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Chemistry LibreTexts

17.2: Heat

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  • Page ID
    53870
  • Blacksmiths, like the one mentioned in Henry Wadsworth Longfellow's poem The Village Blacksmith, heat solid iron in order to shape it into a variety of different objects. Iron is a rigid, solid metal. At room temperature, it is extremely difficult to bend iron. However, when heated to a high enough temperature, iron can be easily worked. The heat energy in the forge is transferred to the metal, making the iron atoms vibrate more and move around more readily.

    Heat is energy that is transferred from one object or substance to another because of a difference in temperature between them. Heat always flows from an object at a higher temperature to an object at a lower temperature (see figure below). The flow of heat will continue until the two objects are at the same temperature.

    Figure \(\PageIndex{1}\): Object A starts with a higher temperature than object B. No heat flows when the objects are isolated from each other. When brought into contact, heat flows from A to B until the temperatures of the two objects are the same.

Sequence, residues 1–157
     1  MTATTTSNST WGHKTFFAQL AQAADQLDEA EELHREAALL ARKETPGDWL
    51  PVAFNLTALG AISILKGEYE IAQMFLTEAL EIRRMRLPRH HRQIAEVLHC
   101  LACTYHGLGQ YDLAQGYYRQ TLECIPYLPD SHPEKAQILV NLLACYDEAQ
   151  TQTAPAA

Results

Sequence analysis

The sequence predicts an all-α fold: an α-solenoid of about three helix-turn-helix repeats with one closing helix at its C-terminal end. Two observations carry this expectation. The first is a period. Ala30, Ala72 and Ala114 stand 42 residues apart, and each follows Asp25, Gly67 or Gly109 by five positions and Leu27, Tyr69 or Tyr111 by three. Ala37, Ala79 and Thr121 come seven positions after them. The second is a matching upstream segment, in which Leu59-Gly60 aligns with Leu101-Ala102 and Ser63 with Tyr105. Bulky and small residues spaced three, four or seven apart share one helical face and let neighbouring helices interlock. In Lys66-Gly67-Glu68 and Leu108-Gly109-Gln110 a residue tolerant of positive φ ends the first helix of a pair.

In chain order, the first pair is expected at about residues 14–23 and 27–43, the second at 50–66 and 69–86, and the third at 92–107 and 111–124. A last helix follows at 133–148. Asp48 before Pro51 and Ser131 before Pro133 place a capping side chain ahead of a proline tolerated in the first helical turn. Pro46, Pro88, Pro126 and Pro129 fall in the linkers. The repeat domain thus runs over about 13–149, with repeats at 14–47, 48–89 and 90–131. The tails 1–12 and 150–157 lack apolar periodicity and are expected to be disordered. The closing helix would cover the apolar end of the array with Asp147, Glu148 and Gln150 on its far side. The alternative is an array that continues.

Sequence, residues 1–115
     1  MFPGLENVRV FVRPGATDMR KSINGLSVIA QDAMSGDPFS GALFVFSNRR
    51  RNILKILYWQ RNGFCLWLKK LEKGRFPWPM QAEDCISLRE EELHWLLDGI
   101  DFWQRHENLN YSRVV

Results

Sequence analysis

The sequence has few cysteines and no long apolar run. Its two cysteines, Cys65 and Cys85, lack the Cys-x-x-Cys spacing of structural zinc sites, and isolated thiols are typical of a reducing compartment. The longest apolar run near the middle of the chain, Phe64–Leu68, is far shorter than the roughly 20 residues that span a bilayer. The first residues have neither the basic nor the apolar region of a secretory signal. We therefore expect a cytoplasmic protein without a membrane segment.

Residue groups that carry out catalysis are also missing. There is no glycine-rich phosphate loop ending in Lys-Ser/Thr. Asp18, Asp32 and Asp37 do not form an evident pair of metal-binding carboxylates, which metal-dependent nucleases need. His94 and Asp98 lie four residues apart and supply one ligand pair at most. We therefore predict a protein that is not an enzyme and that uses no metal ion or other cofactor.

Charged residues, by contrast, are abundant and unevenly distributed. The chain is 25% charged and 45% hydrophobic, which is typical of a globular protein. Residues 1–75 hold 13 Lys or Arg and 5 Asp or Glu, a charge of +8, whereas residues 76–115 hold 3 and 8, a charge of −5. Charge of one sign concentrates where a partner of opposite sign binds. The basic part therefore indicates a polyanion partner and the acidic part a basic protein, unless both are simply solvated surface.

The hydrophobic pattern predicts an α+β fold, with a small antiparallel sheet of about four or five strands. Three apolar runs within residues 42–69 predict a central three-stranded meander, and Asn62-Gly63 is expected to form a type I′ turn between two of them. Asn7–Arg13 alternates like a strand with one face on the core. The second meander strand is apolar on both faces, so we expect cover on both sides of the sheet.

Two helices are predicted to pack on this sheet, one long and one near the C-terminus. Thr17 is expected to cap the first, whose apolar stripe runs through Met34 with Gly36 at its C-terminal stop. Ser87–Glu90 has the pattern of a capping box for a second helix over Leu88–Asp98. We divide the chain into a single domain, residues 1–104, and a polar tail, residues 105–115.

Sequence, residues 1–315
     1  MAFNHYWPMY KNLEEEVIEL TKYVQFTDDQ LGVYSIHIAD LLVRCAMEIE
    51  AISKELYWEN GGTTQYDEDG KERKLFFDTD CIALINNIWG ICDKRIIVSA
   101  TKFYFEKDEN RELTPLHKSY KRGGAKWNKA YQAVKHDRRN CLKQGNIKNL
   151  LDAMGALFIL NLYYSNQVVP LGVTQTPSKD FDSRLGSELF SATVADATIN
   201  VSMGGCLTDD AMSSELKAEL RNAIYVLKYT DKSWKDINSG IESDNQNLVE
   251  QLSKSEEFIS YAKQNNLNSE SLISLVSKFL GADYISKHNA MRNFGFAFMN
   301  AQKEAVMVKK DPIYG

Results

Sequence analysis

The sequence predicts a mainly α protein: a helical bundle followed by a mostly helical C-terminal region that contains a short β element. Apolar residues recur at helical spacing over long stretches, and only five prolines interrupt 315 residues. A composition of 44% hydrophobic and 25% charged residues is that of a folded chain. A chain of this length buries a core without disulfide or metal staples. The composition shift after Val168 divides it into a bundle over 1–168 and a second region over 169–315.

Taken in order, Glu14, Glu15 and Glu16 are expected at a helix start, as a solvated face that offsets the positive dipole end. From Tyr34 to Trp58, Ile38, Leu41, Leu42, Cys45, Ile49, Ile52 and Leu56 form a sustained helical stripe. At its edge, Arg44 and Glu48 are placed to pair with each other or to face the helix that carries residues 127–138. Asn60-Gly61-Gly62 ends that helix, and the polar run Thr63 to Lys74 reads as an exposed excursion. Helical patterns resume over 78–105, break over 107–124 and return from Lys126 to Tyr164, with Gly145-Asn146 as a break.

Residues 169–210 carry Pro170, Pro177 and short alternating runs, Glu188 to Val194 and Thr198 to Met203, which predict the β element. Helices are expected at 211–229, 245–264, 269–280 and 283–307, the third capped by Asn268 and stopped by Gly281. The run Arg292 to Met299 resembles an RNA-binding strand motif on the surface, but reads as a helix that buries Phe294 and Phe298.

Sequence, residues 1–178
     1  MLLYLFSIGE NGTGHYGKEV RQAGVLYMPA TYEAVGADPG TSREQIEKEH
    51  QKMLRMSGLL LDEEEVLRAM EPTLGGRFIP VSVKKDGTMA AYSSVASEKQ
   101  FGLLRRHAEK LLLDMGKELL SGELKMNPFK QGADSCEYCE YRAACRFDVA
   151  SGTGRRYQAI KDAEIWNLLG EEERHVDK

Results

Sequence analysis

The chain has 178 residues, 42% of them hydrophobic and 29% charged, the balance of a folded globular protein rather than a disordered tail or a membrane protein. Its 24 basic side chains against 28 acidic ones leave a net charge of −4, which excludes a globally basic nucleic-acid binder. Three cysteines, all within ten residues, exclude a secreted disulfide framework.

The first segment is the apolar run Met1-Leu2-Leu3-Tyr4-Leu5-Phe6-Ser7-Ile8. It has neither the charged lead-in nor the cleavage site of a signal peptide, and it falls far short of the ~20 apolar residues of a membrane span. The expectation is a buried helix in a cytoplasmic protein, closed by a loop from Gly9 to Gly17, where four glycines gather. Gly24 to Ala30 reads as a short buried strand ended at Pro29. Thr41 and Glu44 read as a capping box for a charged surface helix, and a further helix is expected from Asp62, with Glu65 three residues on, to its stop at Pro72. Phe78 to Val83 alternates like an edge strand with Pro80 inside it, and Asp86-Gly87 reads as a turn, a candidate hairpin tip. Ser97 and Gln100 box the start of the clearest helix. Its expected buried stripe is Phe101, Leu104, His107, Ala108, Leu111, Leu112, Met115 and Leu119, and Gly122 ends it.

Thermochemistry is the study of energy changes that occur during chemical reactions and during changes of state. When chemical reactions occur, some chemical bonds are broken, while new chemical bonds form. As a result of the rearrangement of atoms, the total chemical potential energy of the system either increases or decreases.

    Summary

    Heat is transferred energy from a site of higher energy to a site of lower energy.

    Contributors

    • CK-12 Foundation by Sharon Bewick, Richard Parsons, Therese Forsythe, Shonna Robinson, and Jean Dupon.